American International Group Inc. reported better-than-expected quarterly results on Friday and said it had started talks on disentangling itself from the U.S. government.
The insurer, which is nearly 80 percent-owned by the government after a $182.3 billion bailout, said that in recent weeks it began talks with the Federal Reserve Bank of New York, the U.S. Treasury Department and the trustees of the AIG Credit Facility Trust about a strategy to "allow the government to exit its owner relationship with AIG."
The company reported an adjusted profit of $1.3 billion, or $1.99 per share, for the second quarter, up from $1.1 billion, or $1.71 per share, a year earlier.
Analysts, on average, had expected 99 cents per share, according to Thomson Reuters I/B/E/S.
"Things were pretty stable," Morningstar analyst Bill Bergman said. "Stabilization doesn't mean growth and healthy growth, but it appears to be laying a basis for that."
AIG shares were up 2.4 percent in premarket trading.
AIG, once the world's largest insurer, nearly collapsed in September 2008 from credit default swaps that left it on the hook for tens of billions of dollars in payouts to some of the biggest U.S. and European banks.
It was rescued by the government and has been divesting assets to repay taxpayers, who are still owed more than $100 billion.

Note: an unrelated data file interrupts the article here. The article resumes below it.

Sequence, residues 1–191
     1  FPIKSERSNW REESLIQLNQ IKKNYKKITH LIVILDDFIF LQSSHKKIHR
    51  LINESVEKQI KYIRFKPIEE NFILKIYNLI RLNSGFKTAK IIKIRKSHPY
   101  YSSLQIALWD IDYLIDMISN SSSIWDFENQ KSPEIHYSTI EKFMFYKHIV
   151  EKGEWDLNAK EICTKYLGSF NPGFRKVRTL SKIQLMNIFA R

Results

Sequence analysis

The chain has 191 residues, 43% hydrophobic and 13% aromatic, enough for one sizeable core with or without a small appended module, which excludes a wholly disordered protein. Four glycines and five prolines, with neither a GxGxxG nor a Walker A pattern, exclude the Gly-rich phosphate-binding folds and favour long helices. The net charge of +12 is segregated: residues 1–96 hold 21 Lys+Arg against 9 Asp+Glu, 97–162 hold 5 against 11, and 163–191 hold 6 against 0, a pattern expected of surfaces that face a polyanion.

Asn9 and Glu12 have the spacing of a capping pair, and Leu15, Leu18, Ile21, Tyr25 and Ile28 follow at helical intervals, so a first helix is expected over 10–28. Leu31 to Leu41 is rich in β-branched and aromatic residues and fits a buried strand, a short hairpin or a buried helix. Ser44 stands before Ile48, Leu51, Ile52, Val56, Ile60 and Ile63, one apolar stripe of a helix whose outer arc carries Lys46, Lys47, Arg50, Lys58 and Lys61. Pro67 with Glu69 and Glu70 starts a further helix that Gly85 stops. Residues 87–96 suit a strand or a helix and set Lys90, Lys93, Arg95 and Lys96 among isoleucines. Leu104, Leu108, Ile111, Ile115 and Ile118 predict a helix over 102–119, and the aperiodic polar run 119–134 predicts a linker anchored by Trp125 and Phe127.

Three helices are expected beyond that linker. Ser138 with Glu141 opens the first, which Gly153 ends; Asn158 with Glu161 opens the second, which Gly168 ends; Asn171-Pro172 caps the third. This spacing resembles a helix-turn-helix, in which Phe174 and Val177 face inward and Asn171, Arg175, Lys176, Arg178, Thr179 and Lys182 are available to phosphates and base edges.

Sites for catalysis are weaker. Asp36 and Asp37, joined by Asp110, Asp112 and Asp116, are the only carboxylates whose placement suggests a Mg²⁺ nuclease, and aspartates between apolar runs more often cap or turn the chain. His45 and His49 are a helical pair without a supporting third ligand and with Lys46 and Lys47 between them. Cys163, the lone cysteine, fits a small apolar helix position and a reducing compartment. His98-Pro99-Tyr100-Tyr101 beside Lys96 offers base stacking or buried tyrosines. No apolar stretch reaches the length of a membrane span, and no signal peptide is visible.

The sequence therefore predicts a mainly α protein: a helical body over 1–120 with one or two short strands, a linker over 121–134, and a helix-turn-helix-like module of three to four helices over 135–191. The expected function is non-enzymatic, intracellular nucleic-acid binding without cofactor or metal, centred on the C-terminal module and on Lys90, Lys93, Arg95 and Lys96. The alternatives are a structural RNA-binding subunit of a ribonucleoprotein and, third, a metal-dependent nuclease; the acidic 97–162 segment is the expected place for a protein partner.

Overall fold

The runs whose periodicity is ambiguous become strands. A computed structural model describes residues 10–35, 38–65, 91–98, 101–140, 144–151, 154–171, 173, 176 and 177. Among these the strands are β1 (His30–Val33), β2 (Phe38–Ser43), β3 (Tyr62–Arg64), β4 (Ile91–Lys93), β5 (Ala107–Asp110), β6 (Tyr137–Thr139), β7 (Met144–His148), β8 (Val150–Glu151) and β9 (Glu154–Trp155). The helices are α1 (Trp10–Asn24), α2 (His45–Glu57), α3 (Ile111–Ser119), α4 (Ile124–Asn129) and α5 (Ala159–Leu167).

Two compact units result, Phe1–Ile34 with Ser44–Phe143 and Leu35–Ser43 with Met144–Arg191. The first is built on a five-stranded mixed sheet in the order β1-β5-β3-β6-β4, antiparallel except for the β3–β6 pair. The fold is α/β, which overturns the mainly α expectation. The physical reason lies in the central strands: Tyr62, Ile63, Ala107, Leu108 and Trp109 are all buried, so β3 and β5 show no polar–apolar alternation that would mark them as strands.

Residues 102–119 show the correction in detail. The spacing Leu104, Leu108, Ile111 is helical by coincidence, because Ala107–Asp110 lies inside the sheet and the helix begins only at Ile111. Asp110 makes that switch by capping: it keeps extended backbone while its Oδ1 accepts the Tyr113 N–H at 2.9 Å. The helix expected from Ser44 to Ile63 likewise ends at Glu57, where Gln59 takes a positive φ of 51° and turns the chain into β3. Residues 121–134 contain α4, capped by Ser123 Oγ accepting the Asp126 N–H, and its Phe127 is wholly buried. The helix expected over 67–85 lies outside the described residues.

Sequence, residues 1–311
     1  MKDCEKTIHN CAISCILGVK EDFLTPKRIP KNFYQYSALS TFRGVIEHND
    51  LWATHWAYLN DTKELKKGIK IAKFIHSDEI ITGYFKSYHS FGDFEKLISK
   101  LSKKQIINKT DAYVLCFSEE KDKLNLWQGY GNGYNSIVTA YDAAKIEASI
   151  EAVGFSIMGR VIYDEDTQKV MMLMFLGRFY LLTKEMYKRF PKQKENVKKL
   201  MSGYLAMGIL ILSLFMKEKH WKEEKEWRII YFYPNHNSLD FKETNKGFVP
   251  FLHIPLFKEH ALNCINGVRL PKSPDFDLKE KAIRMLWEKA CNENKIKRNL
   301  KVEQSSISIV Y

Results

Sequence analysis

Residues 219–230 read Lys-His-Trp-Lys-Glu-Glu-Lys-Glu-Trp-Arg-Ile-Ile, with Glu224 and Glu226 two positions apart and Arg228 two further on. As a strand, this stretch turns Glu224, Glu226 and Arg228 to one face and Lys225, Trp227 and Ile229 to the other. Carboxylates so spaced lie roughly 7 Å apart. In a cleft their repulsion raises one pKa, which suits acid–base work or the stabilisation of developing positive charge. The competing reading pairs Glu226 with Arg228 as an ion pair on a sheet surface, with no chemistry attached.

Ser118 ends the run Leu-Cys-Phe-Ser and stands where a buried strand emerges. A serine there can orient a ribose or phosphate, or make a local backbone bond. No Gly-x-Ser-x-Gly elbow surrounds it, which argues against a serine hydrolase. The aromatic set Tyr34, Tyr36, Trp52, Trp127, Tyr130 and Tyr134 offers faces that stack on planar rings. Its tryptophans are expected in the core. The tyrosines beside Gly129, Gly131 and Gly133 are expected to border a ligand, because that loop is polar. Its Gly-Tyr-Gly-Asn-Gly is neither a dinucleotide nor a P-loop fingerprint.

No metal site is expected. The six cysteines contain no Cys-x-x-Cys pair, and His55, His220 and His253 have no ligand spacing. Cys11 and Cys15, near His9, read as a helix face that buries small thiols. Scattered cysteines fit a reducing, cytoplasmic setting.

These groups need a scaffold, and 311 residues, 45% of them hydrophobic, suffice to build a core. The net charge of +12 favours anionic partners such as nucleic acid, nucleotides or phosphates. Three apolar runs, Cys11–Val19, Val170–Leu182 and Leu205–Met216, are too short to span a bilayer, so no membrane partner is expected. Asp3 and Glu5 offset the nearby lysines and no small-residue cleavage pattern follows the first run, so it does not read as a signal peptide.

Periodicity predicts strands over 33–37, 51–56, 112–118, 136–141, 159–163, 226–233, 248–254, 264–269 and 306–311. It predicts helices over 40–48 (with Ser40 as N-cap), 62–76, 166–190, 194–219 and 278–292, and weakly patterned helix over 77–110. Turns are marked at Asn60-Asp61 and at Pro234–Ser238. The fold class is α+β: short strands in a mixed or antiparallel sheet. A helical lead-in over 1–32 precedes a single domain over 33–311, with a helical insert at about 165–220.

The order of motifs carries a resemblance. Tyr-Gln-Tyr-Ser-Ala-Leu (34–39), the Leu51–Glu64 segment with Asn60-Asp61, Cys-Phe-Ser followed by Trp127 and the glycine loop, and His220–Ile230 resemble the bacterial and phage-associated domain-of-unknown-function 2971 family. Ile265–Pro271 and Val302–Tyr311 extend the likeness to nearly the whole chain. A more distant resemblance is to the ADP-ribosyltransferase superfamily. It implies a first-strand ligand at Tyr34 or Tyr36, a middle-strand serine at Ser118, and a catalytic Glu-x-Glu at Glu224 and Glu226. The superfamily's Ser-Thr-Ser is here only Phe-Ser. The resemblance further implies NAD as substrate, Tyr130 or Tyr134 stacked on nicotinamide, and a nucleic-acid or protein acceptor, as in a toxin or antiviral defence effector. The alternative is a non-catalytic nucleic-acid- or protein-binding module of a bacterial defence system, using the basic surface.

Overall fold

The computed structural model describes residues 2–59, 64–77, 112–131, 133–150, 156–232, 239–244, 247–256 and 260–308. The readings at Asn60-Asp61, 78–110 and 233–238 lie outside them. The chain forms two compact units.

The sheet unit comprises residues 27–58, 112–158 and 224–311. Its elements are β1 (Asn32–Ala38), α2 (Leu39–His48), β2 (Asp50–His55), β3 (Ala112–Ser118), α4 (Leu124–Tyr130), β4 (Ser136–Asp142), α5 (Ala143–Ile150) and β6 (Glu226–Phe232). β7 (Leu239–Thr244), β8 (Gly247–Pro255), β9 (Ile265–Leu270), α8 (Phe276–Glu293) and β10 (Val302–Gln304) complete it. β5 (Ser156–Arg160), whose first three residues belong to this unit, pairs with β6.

AIG reported a net loss to the company of $2.7 billion, or $3.96 per share, for the second quarter, compared with a net profit of $1.8 billion, or $2.30 per share, a year earlier.
The net loss was primarily due to a $3.3 billion noncash goodwill impairment charge related to the pending sale of its foreign life insurance unit, American Life Insurance Co.
AIG's general insurance unit, Chartis, reported operating income of $955 million before net realized capital gains, down from $1 billion a year earlier.
Chartis incurred $287 million of catastrophe losses in the quarter, including due to floods in the U.S. Southeast, the explosion at BP's Deepwater Horizon oil rig, and the Icelandic volcano.
"There is healthy, stable operating income in the general insurance operations," Bergman said.
U.S. life insurance and retirement services, called SunAmerica Financial Group, reported operating income of $1.1 billion before net realized capital gains, up from $254 million a year earlier.
"AIG's continuing insurance operating results remain solid, while the company continues to execute on its restructuring plans and prepares for separation from the U.S. government," Chief Executive Robert Benmosche said in a statement.
Benmosche sees a future for AIG with Chartis and SunAmerica forming its core.
AIG's Asian life insurance business posted pre-tax operating income of $604 million, up from $314 million a year earlier. American International
Assurance, slated to go public after a failed sale to Britain's Prudential PLC, generated most of those earnings, helped by higher net investment income.
AIG Financial Products, the unit behind the insurer's spectacular downfall in 2008, reduced the notional amount of its derivative portfolio to about $602.4 billion at June 30, down 36 percent from the end of last year.
AIG shares are up 33 percent this year, outperforming the S&P Insurance Index, which is up 7 percent.
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